Why use the BOIN Design?
Simple to implement Similar to the 3+3 design, the dose
escalation/de-escalation rule is prespecified and can be tabulated. During the trial conduct, clinicians can simply count the
number of patients who experience toxicity and compare the observed toxicity rate with the prespecified
dose escalation/de-escalation boundaries to determine dose assignment until the trial is completed.
For drug-combination trials, the dose escalation/de-escalation rule is the same but the overall conduct of the trial
is more complicated which is why we provide a trial conduct tab for those trials. Nevertheless each decision to escalate the dose,
de-escalate the dose, or remain at the same dose is easy to understand, explain, and predict.
Superior performance Both theoretically and numerically, it has been shown
that the BOIN design has desirable statistical properties and superior operating
characteristics [6 , 7].
Highly Ethical The design optimizes the dose assignment for each patient in
the sense that it minimizes the chance of assigning a patient to either a subtherapeutic dose or an overly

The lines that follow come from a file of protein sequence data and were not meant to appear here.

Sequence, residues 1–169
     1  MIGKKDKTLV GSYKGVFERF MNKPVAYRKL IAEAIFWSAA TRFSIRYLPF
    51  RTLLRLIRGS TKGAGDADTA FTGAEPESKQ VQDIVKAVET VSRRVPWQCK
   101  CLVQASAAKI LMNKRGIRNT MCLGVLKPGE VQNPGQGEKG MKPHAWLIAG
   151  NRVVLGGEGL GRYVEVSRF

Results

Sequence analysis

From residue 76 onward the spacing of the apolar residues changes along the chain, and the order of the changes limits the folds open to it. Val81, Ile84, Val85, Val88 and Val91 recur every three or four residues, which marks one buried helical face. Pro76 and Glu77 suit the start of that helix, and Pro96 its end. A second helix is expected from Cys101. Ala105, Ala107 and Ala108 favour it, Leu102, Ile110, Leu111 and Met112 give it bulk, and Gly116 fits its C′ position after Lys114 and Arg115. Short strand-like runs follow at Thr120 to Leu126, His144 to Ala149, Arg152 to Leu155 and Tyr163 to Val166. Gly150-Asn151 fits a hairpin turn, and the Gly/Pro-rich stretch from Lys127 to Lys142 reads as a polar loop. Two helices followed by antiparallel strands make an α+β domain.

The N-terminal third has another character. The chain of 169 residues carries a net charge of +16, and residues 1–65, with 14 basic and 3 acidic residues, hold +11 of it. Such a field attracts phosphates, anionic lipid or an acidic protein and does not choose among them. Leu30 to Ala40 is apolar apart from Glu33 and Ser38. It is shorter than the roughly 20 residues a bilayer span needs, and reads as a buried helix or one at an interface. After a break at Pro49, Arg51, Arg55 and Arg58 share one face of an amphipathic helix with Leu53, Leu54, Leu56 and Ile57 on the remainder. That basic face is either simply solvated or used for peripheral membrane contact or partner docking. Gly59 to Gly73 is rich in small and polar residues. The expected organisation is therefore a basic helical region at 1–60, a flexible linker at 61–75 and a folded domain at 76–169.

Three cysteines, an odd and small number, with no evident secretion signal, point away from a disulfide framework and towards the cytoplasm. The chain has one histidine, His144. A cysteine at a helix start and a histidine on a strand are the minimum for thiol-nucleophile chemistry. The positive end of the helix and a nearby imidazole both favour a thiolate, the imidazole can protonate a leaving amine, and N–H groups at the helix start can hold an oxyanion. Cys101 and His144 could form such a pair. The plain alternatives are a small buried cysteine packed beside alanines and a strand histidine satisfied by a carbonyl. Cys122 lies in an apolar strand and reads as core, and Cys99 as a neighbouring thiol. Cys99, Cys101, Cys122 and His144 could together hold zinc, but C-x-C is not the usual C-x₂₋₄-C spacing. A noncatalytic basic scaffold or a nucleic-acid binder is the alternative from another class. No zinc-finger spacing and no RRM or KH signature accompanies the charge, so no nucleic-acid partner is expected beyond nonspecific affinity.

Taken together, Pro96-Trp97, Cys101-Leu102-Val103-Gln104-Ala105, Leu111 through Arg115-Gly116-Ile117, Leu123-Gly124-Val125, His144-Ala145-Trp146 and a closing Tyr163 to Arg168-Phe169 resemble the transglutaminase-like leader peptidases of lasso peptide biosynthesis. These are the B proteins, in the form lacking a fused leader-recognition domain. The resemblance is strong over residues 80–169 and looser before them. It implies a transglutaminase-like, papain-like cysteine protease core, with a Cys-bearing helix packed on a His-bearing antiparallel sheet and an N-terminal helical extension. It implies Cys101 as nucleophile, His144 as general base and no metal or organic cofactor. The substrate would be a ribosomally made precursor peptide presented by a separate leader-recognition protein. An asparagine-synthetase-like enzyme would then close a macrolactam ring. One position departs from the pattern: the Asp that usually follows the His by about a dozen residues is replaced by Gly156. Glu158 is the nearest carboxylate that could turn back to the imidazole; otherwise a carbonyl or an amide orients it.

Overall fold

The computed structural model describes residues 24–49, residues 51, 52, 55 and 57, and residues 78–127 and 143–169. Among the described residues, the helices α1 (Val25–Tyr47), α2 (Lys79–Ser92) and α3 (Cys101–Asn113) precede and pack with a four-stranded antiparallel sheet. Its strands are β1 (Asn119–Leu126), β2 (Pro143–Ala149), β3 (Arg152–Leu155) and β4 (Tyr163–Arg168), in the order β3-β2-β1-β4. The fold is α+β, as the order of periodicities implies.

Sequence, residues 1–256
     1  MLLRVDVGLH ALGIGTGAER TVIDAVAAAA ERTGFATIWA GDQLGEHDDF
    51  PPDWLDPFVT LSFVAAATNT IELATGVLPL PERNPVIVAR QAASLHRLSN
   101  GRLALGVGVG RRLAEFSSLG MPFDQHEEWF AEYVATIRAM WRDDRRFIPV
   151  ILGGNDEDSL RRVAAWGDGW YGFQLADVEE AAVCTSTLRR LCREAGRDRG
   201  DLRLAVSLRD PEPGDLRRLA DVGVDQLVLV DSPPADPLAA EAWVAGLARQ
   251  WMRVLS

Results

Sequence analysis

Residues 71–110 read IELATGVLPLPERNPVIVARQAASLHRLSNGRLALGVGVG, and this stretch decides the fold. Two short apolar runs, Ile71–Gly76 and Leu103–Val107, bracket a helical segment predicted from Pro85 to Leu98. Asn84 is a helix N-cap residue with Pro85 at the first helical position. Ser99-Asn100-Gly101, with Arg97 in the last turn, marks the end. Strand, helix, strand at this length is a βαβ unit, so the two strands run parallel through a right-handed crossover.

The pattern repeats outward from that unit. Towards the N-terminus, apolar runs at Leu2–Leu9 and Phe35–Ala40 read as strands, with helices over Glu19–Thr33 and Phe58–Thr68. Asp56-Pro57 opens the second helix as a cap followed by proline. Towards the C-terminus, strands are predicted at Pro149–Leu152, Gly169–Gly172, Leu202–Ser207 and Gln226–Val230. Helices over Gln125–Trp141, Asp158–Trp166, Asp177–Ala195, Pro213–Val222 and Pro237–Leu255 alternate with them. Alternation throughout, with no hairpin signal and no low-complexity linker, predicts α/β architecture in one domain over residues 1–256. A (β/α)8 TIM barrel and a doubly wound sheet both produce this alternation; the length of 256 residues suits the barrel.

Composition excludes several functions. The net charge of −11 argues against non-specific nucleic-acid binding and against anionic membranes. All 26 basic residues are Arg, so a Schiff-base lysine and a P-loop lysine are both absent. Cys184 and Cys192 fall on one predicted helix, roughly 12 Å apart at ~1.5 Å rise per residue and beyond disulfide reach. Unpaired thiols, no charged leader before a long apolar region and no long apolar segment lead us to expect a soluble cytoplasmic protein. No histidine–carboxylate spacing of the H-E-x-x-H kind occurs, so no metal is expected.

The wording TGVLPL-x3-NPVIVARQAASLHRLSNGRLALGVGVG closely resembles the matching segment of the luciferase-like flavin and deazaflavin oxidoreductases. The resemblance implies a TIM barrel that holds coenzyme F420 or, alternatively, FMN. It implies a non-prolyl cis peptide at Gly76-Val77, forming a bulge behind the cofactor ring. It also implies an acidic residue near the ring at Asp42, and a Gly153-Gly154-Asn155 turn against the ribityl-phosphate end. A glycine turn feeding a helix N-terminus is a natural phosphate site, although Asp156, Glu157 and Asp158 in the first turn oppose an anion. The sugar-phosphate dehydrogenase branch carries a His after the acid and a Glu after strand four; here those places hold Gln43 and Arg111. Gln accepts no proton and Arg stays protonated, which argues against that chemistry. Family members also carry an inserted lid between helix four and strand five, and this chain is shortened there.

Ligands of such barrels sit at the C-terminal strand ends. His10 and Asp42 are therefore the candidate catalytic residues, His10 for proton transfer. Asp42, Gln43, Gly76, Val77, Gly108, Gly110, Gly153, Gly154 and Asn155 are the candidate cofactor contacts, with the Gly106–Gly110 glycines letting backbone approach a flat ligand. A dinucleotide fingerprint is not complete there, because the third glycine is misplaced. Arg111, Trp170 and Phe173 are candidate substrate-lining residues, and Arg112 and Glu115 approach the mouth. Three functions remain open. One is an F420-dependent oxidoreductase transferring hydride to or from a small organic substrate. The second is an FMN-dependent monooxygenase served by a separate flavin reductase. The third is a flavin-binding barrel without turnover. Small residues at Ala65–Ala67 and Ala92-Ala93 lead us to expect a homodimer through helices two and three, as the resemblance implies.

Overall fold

toxic dose. This is consistent with the clinician’s point of view for conducting clinical trials, i.e.,
maximizing the patient’s treatment benefit.
Accommodates both single-agent and drug-combination trials The BOIN design
can be used to design both single-agent and drug-combination phase I trials. The resulting designs are easy
Accommodates late-onset toxicity and fast accrual The time-to-event BOIN (TITE-BOIN) design allows real-time dose assignment decisions for new patients while some enrolled patients’ toxicity data are still pending, thereby significantly accelerating phase I trials.
Solid statistical justifications The design optimizes a sensible
statistical criterion. It has a desirable finite-sample property (i.e., is coherent) and a desirable
large-sample property (i.e., converges to the target dose). See the references for more details.
Extensive context-specific help is provided in the program itself for all aspects of the trial design and how